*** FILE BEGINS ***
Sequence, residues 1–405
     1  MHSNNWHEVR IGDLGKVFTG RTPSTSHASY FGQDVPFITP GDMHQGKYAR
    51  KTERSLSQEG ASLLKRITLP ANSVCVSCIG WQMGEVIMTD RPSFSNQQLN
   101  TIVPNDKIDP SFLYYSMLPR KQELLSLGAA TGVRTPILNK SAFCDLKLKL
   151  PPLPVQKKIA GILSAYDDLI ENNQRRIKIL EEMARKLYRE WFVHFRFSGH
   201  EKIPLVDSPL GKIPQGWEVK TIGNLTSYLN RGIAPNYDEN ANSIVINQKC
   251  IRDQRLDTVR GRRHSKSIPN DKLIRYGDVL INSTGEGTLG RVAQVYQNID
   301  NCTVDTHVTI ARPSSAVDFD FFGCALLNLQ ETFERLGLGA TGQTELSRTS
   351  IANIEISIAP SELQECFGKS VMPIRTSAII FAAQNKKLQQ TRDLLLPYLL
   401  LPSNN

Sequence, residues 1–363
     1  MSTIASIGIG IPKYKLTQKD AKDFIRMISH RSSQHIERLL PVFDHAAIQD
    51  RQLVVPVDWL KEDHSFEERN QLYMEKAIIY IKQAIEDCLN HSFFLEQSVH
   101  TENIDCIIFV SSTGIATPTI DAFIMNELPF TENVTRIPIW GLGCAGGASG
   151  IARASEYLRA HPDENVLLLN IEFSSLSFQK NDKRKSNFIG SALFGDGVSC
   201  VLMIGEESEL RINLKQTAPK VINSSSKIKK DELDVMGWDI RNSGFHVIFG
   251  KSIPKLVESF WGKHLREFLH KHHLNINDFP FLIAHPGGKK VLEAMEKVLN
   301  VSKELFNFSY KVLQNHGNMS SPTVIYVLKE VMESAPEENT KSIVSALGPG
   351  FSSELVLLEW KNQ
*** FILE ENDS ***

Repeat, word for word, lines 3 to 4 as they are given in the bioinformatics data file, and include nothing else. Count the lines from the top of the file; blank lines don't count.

    51  KTERSLSQEG ASLLKRITLP ANSVCVSCIG WQMGEVIMTD RPSFSNQQLN
   101  TIVPNDKIDP SFLYYSMLPR KQELLSLGAA TGVRTPILNK SAFCDLKLKL